Soft. Misguided. Greedy for fleeting, non-sensical possessions; that's what you city-dwellers are. We are one with nature and the world. We are stronger because of it - and stronger than you.
Long before humans built cities and walls, humankind lived in harmony with the wilderness. Now termed “primitives, nomads, and savages,” the barbarians of Ansalon continue to live as their ancestors lived thousands of yeas ago, choosing to dwell in the harshest climes and most inhospitable lands. The barbarians have conquered the mountains, plains, deserts, and tundras.
Barbarians take fierce pride in their ability to survive in difficult places on their own terms. They are people of few words, feeling no need to waste their limited resources on meaningless conversation. Likewise, they tend to be extremely practical in their activities and decisions. They are slow to trust newcomers or make friends but they treat those who earn their trust like family and will risk injury or death for those they consider friends. Barbarians intuitively understand that natural world and respect the power of nature.
Barbarians characters emphasize physical abilities to help them survive in harsh conditions and choose skills and feats best suited for their environment.
The human nomads of Ansalon are slightly taller than their civilized cousins, standing between 5'5 to 6'5 feet tall. The nomads of the mountains, plains, and desert are noted for their bronze skin, black hair, and dark eyes, while the Ice Folk in the south have fair skin, light-colored hair (often red), and green or blue eyes. Nomadic people in general gain a “weathered” look from regular exposure to the elements that may make them appear older than they are. They are also lean and physically fit, even in old age.
Each tribe has its own customs for appearance and dress. Such customs are both a part of tradition and practical for the environment. Mountain and plains nomads dress in form-fitting animal skins. The Ice Folk dress in thick furs to protect them from the cold. Desert nomads wear loose-fitting wool robes that protect them in desert heat by day and its chill by night. Most tribes make their own decorative jewelry worn by men and women, and tattooing is common as well.
Distrust of other races, including civilized humans, is deeply ingrained in the mind of every nomad. Even during the best of times, relations between tribes and outsiders are strained. Nomads respect elves-particularly Kagonesti- as a race that understands nature, but even then, nomads consider elves arrogant. Nomads make generalizations about other races, but they give individual members of those races the chance to prove themselves worthy of respect. Nomads inherently trust no one except members of their own tribe.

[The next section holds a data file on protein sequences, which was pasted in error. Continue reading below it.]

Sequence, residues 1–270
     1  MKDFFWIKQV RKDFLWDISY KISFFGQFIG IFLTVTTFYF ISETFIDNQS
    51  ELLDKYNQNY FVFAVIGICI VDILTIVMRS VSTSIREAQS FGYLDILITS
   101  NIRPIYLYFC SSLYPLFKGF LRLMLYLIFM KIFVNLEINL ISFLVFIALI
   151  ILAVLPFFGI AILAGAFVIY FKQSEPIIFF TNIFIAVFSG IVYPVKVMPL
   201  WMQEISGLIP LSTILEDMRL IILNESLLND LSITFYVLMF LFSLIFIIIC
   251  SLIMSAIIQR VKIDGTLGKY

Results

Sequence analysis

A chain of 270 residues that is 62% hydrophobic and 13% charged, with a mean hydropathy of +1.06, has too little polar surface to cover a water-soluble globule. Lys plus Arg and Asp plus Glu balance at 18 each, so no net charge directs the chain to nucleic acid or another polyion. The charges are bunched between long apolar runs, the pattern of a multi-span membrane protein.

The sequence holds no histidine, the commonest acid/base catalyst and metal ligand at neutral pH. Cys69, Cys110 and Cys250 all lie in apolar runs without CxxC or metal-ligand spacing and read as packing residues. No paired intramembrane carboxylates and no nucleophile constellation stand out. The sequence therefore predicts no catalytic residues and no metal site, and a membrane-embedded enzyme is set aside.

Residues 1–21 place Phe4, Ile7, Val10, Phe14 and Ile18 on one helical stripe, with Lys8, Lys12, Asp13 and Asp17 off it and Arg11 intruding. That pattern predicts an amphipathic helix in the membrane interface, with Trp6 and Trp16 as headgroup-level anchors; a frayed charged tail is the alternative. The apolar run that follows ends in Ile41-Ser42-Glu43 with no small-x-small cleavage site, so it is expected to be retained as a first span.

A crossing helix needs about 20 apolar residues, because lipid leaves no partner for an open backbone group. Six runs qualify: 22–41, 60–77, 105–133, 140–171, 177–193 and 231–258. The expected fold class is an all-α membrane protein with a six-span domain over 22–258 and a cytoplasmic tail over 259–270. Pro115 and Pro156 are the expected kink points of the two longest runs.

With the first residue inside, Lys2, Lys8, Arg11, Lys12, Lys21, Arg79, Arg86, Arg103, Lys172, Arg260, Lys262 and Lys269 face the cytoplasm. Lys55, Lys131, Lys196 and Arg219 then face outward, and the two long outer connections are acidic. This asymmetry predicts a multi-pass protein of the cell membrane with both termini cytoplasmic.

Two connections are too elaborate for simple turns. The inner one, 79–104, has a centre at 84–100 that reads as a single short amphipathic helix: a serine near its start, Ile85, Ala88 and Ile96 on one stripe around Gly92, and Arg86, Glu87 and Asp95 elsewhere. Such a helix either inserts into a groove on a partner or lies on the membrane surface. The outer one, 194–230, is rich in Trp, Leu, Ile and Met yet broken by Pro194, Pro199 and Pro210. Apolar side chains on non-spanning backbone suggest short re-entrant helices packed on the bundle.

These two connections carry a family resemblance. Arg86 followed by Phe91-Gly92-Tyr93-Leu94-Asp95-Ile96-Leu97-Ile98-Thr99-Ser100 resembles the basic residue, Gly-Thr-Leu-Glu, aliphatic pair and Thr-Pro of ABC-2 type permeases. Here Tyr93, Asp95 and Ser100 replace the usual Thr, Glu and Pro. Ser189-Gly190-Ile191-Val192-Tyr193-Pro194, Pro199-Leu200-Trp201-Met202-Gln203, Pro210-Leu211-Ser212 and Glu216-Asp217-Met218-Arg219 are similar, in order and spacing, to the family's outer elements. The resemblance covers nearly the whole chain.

Civilized people assume that nomads lean toward chaos, but, in truth, they maintain a balance between a rigid sense of tradition and a strong commitment to individual freedom, tending to neutrality with respect to law and chaos. Similarly, their pragmatic lifestyle also leads many nomads to choose neutral alignment with respect to good and evil, rejecting those extremes in their constant struggle to survive.
Barbarians carve out homes even in the most inhospitable of regions. They take pride in surviving conditions that city-raised humans find intolerable.
Barbarians often worship Chislev, a god who rewards respect and understanding of nature. During the eras in which the deities were absent, many nomad tribes reverted to ancestor worship or venerated unseen spirits of nature.
Barbarians speak regional languages dependent upon their location, with varying dialects by tribe. Most tribal members also speak Common.
Barbarians take names that are descriptive of the person or a reflection of the natural world in which the tribe lives. Some names are unique to the languages and customs of the tribe, while others are indicative of the nomads' love of nature.
Tribal folk are very reluctant to leave their families and traditions behind, yet their strong sense of duty and inherent bravery serve them well when they venture into the greater world. Many nomad tribes have tests for their warriors involving quests that take them away from home. Such adventures can require a lifetime to complete.